Modifications to the car that block too much air flow. = the custom grill that just blocks too much air.
    An electric fan that just does not move air or it's guard blocks more air than it lets flow.
     
  13. jimmy six
    Joined: Mar 21, 2006
    Posts: 6,340

    jimmy six
    Member

    Aluminum radiators are great in circle track cars, light weight, and cheap to buy after wrecking and they hold 30 psi Afco’s are the best. We mount them in roll bar padding, no direct bolting.
    My 56 Victoria has a brass copper US Radiator and is perfect for the job.
     
    Last edited: Jun 17, 2020
    thintin likes this.
  14. It's an original rad, been in car since new , all brackets , sheetmetal , everything concerning rad is ok.
     
  15. Hollywood-East
    Joined: Mar 13, 2008
    Posts: 1,197

    Hollywood-East
    Member

    This topic Again... If ya got the Loot, By All means find the most expensive one you can find, this thread will be 3 pages by morning, I my self have used champion which are manufactured in Ca. USA,
    Blown SBC, 100% happy across the board, recommend them to All my friend's.. Cheer's
     
    jimmy six likes this.
  16. seb fontana
    Joined: Sep 1, 2005
    Posts: 6,459

    seb fontana
    Member
    from ct

    To the OP..That original radiator would have little trouble cooling TWO [really!] 327's; if in good condition..Have a shop check it out, maybe just needs some cleaning..
     
    firstinsteele likes this.
  17. Um, my reason for asking about the alum rad was to keep from buying the most expensive I can find, btw I have made my decision so we can end this thread now , sorry this is a repeat topic, hopefully it wont go 3 pages .
     
    1Nimrod likes this.
  18. Checked with a couple and they were backed up 3 months . Prob be fine to wait but as I said , was just thinking about the alum vs what I have, they seem cheap in comparison which makes me question quality.
     
    1Nimrod likes this.
  19. If she runs hot on the road, radiator problem. Not enough size or plugged. If she runs cool on the road but hot in town, not enough fan.

    Ben
     
  20. Been doing rods since early seventies and understand what you are saying. As I stated just thinking My rad might be ok but need to get it checked out and shoos around are swamped it seems. I have had this car in family for 47 years, was orig flathead till my dad who at the time owned the car turned it to a friend and he changed everything, engine trans mus2 frontend 9" rear you know all the common stuff. The car will get 220 degrees sitting at a light . It is tuned properly, timing set correctly, nothing abnormal. You mentioned airflow, I find it interesting the rad is aprox 400 square inches give or take , the opening on the factory grill is only around 200 square inches so in my opinion there is a built in airflow restriction. I Had a 40 coupe with a built 350, probably 325 hp, had a Walker rad and it ran normal temp as I recall around 195 ish. People can say what they wont and I wont argue but this rad was placed in a car from the factory that had eighty less cubic inches and probably 100 or more less hp and everybody knows more hp generally means more heat. Having said all that, in a perfect world with everything as it should be the original might do the job but it is not and my only alternative is buy a Walker or Griffin for around 1000.00 , buy as alum for 250.00 or get this one redone which as I said would take a long time , one guy said not this year, another said 3 months so that is the reason for my op.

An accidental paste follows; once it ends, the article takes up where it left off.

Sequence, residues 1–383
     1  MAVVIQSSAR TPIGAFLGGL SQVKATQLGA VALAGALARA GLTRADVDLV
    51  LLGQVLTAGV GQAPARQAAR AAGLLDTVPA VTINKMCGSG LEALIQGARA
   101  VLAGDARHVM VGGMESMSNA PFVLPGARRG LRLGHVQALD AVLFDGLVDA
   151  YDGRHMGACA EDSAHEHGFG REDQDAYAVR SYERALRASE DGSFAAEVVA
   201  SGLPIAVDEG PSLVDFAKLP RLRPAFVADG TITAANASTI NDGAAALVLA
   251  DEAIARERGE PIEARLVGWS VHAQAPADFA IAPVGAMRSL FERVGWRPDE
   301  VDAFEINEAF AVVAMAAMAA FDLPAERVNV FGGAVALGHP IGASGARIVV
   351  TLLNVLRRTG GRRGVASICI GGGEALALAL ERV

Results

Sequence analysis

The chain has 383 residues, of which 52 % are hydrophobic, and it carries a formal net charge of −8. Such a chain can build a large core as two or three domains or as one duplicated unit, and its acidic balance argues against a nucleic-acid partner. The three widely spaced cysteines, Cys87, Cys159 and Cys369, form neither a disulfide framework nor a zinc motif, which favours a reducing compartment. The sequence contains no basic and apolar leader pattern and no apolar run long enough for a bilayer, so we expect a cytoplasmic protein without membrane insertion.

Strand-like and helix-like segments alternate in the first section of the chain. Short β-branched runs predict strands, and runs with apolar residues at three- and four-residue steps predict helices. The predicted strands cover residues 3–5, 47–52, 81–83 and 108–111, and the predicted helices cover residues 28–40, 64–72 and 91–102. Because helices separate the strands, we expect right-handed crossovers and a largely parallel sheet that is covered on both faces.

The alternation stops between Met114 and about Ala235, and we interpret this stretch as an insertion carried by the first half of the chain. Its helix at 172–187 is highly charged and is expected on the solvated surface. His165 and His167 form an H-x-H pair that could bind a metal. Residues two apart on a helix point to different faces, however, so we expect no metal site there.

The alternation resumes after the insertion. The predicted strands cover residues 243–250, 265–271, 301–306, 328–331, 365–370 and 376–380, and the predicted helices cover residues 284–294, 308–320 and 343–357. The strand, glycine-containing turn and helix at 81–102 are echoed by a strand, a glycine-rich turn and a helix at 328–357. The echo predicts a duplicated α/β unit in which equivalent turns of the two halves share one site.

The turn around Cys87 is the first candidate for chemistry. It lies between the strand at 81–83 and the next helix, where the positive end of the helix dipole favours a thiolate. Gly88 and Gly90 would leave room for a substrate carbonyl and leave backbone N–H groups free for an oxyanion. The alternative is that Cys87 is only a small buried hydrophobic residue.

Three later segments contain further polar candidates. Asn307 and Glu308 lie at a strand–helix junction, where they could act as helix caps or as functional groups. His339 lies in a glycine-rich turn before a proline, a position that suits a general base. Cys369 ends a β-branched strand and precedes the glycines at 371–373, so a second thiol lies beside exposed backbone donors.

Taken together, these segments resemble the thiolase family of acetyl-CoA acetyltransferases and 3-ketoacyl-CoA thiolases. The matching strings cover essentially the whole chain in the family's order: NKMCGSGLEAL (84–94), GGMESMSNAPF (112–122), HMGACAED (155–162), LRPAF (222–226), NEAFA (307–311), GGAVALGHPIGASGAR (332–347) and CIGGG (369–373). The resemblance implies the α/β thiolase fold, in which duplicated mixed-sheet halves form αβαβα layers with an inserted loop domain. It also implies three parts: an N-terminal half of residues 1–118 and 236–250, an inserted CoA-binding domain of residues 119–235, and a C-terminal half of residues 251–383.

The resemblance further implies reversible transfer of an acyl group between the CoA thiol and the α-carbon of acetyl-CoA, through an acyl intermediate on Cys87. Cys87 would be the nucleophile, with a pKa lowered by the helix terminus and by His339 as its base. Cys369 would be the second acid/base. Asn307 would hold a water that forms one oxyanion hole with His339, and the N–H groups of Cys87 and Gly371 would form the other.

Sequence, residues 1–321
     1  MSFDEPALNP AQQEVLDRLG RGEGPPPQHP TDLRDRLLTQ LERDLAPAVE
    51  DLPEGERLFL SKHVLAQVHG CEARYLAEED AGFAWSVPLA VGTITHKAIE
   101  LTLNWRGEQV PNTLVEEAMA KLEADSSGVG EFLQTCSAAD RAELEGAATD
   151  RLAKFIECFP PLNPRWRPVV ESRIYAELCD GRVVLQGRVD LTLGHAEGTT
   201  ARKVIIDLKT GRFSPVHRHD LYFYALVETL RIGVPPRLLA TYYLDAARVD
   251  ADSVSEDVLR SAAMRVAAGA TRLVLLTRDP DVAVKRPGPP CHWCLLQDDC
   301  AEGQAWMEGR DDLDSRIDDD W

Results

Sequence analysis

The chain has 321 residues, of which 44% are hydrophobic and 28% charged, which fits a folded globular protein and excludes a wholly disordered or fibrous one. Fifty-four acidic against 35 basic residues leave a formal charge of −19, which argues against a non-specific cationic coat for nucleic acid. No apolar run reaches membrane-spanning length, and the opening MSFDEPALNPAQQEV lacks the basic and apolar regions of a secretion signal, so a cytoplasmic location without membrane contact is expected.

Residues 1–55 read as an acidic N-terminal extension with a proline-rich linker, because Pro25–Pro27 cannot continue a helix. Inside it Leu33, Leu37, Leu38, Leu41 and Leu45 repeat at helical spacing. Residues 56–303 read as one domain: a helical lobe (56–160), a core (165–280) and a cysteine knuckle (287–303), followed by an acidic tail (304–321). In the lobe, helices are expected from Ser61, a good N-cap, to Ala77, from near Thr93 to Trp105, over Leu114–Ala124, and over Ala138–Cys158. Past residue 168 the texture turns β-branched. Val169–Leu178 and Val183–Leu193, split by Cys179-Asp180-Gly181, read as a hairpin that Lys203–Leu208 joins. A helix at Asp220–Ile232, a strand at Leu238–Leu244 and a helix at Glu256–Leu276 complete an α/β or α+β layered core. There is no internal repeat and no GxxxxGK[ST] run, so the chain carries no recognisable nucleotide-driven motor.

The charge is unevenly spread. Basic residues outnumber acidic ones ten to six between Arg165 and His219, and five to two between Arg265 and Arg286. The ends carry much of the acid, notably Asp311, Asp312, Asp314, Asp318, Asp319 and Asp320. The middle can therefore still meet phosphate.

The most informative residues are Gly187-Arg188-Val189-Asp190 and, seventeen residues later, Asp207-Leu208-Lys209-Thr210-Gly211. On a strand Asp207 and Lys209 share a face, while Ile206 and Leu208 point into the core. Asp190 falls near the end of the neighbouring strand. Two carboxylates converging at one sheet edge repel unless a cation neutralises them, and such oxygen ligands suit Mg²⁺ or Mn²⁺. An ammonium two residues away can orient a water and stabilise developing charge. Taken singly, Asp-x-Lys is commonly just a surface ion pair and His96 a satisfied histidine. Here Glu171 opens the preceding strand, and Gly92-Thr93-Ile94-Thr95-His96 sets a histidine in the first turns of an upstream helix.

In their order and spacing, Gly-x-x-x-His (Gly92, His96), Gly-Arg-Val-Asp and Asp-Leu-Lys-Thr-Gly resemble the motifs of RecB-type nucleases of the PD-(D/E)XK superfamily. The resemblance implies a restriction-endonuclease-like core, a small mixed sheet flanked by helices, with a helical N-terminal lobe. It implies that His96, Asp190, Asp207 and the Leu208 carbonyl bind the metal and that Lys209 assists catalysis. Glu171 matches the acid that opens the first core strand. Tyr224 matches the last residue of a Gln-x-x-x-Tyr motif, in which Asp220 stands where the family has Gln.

1Nimrod likes this.
  21. 2OLD2FAST
    Joined: Feb 3, 2010
    Posts: 2,344

    2OLD2FAST
    Member
    from illinois

    My afco has been in twenty years , got a little jb weld on it works fine !
     
  22. hemihotrod66
    Joined: May 5, 2019
    Posts: 174

    hemihotrod66
    Member

    I have an aluminum one in 34 Ford...The brass one I had from US Radiator wouldn't cool my hemi...Mine was built by a company in Rexburg ID called Total Cooling Products...
     
  23. Thanks for response
     
    1Nimrod and hemihotrod66 like this.
  24. Thanks
     
    1Nimrod likes this.
  25. gene-koning
    Joined: Oct 28, 2016
    Posts: 1,817

    gene-koning
    Member

    When you buy you new aluminum radiator, don't buy the cheapest one you can find and you will probably be OK. The $200 Champion in my truck works great. Gene
     
  26. RJP
    Joined: Oct 5, 2005
    Posts: 1,527

    RJP
    Member
    from PNW

    Kid that uses my shop for his sand toys, (blown SBC 4x4, blown BBC sandrail), uses nothing but those so-called cheap aluminum radiators. Matter of fact, he buys them off Amazon, and I've never seen him break a hundred bill. He's careful, and always mounts them in rubber. Granted, they aren't DD's, but when they are driven, they're driven hard. He figures if they last a year, he'll just drop another hundred. The 4x4's radiator is going on 4yrs, the rail is past 6yrs. He just bought a 4row with a fan for 126 bucks for his next project. At 126 bucks (fan, radiator and free delivery) I'm trying to figure out how there's any money being made. He tells me he doesn't need the bragging rights of that 900.00 brass radiator, he just needs it to cool. He'll use the left over cash to go faster. I can't fault his logic.
     
    thintin likes this.
  27. Thank you , yeah, I like most folks want to have top quality, ( Milwaukee drill vs Harbor freight drill) but also I want to be reasonable. 1000 bucks for a rad is a lot, I could buy one today but as I stated , I wanted opinions on these alum rad, never had in a rod or old car and wondered if they held up. All is good.
     
    Hollywood-East likes this.
  28. That is what I was thinking, I have heard several folks were happy with the Champion, also saw a couple bad reviews but those were the champion rads for modern cars.
     
  29. 2OLD2FAST
    Joined: Feb 3, 2010
    Posts: 2,344

    2OLD2FAST
    Member
    from illinois

    In today's marketplace , name brand means far less than it once did you can't keep up with the acquisitions & corporate buy outs ,its hard to tell who's making what , where !!
     
  30. gene-koning
    Joined: Oct 28, 2016
    Posts: 1,817

    gene-koning
    Member

    The Champion I have was furnace welded with no epoxy in it at all. It was also made in the USA, and it is suppose to have a lifetime warranty. I think it was something like $225 shipped to my door. If I get 20 years out of it, I'm probably not going to care, it will likely outlast me. Gene
     

Share This Page

Register now to get rid of these ads!

Archive

Copyright © 1995-2020 The Jalopy Journal: Steal our stuff, we'll kick your teeth in. Terms of Service. Privacy Policy.

Atomic Industry
Forum software by XenForo™ ©2010-2014 XenForo Ltd.